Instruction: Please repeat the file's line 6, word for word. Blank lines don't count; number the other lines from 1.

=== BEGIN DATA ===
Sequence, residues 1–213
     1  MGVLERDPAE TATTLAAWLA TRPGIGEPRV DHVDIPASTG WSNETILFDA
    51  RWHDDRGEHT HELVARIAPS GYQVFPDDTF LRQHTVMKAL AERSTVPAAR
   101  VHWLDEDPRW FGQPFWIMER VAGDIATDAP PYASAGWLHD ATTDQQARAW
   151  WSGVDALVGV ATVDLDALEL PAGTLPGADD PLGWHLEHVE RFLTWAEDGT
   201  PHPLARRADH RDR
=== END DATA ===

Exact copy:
   201  PHPLARRADH RDR